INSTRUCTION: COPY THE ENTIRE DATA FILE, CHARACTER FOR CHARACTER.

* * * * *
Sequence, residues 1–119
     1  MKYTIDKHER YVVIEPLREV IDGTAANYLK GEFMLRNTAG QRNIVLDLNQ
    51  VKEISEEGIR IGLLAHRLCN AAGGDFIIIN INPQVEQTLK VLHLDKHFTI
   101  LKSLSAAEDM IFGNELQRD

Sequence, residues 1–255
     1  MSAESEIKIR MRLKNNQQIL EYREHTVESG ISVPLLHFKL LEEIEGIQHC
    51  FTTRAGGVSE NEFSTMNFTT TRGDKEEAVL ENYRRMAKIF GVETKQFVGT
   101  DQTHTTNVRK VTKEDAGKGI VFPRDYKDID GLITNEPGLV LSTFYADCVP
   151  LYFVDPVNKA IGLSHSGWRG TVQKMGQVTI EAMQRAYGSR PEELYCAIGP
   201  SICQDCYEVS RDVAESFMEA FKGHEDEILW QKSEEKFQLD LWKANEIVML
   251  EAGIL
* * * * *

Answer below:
Sequence, residues 1–119
     1  MKYTIDKHER YVVIEPLREV IDGTAANYLK GEFMLRNTAG QRNIVLDLNQ
    51  VKEISEEGIR IGLLAHRLCN AAGGDFIIIN INPQVEQTLK VLHLDKHFTI
   101  LKSLSAAEDM IFGNELQRD

Sequence, residues 1–255
     1  MSAESEIKIR MRLKNNQQIL EYREHTVESG ISVPLLHFKL LEEIEGIQHC
    51  FTTRAGGVSE NEFSTMNFTT TRGDKEEAVL ENYRRMAKIF GVETKQFVGT
   101  DQTHTTNVRK VTKEDAGKGI VFPRDYKDID GLITNEPGLV LSTFYADCVP
   151  LYFVDPVNKA IGLSHSGWRG TVQKMGQVTI EAMQRAYGSR PEELYCAIGP
   201  SICQDCYEVS RDVAESFMEA FKGHEDEILW QKSEEKFQLD LWKANEIVML
   251  EAGIL